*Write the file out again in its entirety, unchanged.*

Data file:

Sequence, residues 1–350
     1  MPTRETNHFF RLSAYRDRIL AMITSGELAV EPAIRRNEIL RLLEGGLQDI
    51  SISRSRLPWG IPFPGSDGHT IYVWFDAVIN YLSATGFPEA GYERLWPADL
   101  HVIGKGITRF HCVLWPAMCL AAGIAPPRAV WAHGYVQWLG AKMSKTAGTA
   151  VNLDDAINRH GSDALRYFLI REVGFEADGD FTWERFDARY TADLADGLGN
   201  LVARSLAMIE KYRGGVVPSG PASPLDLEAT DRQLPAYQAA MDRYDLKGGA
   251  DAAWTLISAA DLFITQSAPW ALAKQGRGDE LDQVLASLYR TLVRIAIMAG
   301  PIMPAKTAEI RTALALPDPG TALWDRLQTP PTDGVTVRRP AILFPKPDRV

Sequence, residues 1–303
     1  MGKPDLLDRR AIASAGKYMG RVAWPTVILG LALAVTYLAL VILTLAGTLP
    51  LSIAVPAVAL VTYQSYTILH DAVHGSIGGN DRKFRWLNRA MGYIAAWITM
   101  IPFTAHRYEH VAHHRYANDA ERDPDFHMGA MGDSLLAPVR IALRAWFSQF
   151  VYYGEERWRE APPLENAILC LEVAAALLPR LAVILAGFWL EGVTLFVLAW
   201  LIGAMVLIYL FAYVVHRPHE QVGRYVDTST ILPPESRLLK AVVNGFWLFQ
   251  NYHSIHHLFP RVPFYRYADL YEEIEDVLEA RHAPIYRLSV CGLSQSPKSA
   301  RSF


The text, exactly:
Sequence, residues 1–350
     1  MPTRETNHFF RLSAYRDRIL AMITSGELAV EPAIRRNEIL RLLEGGLQDI
    51  SISRSRLPWG IPFPGSDGHT IYVWFDAVIN YLSATGFPEA GYERLWPADL
   101  HVIGKGITRF HCVLWPAMCL AAGIAPPRAV WAHGYVQWLG AKMSKTAGTA
   151  VNLDDAINRH GSDALRYFLI REVGFEADGD FTWERFDARY TADLADGLGN
   201  LVARSLAMIE KYRGGVVPSG PASPLDLEAT DRQLPAYQAA MDRYDLKGGA
   251  DAAWTLISAA DLFITQSAPW ALAKQGRGDE LDQVLASLYR TLVRIAIMAG
   301  PIMPAKTAEI RTALALPDPG TALWDRLQTP PTDGVTVRRP AILFPKPDRV

Sequence, residues 1–303
     1  MGKPDLLDRR AIASAGKYMG RVAWPTVILG LALAVTYLAL VILTLAGTLP
    51  LSIAVPAVAL VTYQSYTILH DAVHGSIGGN DRKFRWLNRA MGYIAAWITM
   101  IPFTAHRYEH VAHHRYANDA ERDPDFHMGA MGDSLLAPVR IALRAWFSQF
   151  VYYGEERWRE APPLENAILC LEVAAALLPR LAVILAGFWL EGVTLFVLAW
   201  LIGAMVLIYL FAYVVHRPHE QVGRYVDTST ILPPESRLLK AVVNGFWLFQ
   251  NYHSIHHLFP RVPFYRYADL YEEIEDVLEA RHAPIYRLSV CGLSQSPKSA
   301  RSF